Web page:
In Hastinapura, as a storyteller recounts the Pandavas’ forest-life miseries to Dhritarashtra, the king laments the turn of events, blaming himself in part. But he’s also fearful of the wrath that is brewing inside the Pandavas. About Bhima, Dhritarashtra says: “He is heaving terrible and warm sighs, as if he wants to burn down my sons and grandsons.” There are enough hints in this monologue about the oncoming destruction of the dynasty, a fate that Dhritarashtra by now regards as inevitable.
When Duryodhana and Shakuni inform Karna of the king’s premonitions, the king of Anga allays the Hastina’s prince’s fears by trying to convince him that his recent prosperity, equal to what Yudhistira had enjoyed in Indraprastha, has been won through his own valour and dexterity. Karna encourages Duryodhana to go to Lake Dvaitavana in full splendour and torment the Pandavas by showing off his riches. Duryodhana is delighted at the suggestion, though he is also sure that his father will not give him permission to undertake the journey. Therefore, he requests Karna to invent a reason for the travel and propose it to the court assembly in Hastinapura.
A cattle expedition for the buying (or stealing) of calves is the reason that Karna comes up with. At first, suspecting that the travel may lead to a confrontation between the cousins, Dhritarashtra rejects the idea. Shakuni responds to the king, telling him that the Kaurava expedition shall have no intention of engaging with the Pandavas. Also, Shakuni reminds Dhritarashtra of the goodness of Yudhistira, implying that the Pandavas, too, shall follow dharma and not look for a fight. Reluctantly, Dhritarashtra gives Duryodhana and his entourage permission to go.
What we have next is probably the biggest cowboy expedition in all of literature. “There were eight thousand chariots, thirty thousand elephants, many thousands of infantry and nine thousand horses, carriages, shopping carts, whores, traders, bards and men who were skilled in hunting, in hundreds and thousands.” In the camps each night, Dionysian parties that put the opening of Gustave Flaubert’s Salammbo to shame take place. Of course, they are only suggested in the text, though there is clear mention of the cowherds’ daughters pleasuring with the princes.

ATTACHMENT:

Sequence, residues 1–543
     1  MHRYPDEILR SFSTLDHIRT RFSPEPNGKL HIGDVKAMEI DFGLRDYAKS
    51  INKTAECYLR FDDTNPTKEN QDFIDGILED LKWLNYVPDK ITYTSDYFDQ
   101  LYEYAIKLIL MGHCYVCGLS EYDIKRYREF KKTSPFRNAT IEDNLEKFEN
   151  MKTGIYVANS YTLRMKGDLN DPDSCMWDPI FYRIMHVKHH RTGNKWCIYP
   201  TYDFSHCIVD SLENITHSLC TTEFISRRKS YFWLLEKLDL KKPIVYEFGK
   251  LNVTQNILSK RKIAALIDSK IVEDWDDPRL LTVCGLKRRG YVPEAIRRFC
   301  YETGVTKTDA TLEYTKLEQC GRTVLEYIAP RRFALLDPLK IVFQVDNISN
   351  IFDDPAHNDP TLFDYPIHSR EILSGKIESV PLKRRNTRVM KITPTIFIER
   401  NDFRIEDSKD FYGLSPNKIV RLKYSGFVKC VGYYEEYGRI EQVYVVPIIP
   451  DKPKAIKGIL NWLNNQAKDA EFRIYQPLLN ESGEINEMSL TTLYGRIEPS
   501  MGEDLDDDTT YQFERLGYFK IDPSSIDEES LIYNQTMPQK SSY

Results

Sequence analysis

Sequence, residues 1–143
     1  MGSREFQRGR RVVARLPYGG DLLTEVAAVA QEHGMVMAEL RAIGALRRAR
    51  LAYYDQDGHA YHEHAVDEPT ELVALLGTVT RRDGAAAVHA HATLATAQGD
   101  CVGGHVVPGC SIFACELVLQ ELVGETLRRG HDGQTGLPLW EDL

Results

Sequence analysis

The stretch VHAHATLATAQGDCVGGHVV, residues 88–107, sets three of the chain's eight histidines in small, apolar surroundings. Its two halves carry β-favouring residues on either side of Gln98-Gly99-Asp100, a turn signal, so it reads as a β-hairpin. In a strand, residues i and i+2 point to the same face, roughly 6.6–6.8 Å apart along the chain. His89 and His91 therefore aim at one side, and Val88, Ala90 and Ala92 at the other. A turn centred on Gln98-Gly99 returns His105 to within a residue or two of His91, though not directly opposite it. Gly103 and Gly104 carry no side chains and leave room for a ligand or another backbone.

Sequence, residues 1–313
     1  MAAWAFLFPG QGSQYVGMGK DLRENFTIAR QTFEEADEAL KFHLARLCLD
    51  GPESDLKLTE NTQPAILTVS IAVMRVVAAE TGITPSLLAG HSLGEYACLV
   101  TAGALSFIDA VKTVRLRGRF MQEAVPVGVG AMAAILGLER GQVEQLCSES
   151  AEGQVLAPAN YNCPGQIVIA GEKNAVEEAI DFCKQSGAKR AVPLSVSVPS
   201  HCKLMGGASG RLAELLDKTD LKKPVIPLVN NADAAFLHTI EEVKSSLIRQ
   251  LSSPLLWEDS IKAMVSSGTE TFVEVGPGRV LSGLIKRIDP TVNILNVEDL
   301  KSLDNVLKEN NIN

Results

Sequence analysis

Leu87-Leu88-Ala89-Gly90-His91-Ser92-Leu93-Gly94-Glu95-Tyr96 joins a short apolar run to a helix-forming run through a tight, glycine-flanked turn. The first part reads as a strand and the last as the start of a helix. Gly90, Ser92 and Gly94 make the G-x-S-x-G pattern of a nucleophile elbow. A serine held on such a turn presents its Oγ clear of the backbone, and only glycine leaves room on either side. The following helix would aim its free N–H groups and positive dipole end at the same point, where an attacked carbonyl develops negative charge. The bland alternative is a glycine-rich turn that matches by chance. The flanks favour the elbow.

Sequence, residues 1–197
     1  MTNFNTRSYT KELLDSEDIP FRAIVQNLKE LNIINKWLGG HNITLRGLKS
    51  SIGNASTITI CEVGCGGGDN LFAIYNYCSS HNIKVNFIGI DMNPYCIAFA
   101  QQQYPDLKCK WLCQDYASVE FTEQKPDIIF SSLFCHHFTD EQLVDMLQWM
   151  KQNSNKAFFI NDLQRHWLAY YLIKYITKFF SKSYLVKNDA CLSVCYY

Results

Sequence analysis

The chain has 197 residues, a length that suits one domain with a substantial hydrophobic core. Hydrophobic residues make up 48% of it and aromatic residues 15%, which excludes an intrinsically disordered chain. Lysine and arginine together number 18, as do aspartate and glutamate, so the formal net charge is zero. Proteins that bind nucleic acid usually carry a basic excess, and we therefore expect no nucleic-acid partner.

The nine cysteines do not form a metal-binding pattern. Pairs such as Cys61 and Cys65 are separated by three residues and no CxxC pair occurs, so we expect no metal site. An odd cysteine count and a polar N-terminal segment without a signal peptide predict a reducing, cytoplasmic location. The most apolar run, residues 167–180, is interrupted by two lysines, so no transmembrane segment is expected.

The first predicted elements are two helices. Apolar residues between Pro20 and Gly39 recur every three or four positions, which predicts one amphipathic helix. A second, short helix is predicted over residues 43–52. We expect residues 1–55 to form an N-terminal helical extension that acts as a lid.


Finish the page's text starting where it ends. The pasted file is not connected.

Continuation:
As the Kaurava army prepares to build pleasure houses in the forests abutting Lake Dvaitavana, they engage in a conflict with an army of creatures called Gandharvas (Chitrasena’s subjects). A battle ensues with Karna at the head of the Kaurava army. Initially, he causes great harm to the Gandharvas, but when Chitrasena enters the battle and uses magical weapons, the tide turns and the Kauravas start losing miserably. Eventually, Duryodhana and his brothers are all captured. His aged advisers, who had survived the battle by hiding, approach the Pandavas and seek their help.
Bhima sees justice in the Kauravas’ plight, but Yudhistira reminds him that the Kauravas are related to them by blood, and so despite their internal feud, the Pandavas shouldn’t allow strangers to harm their brothers.
The writer is reading the unabridged Mahabharata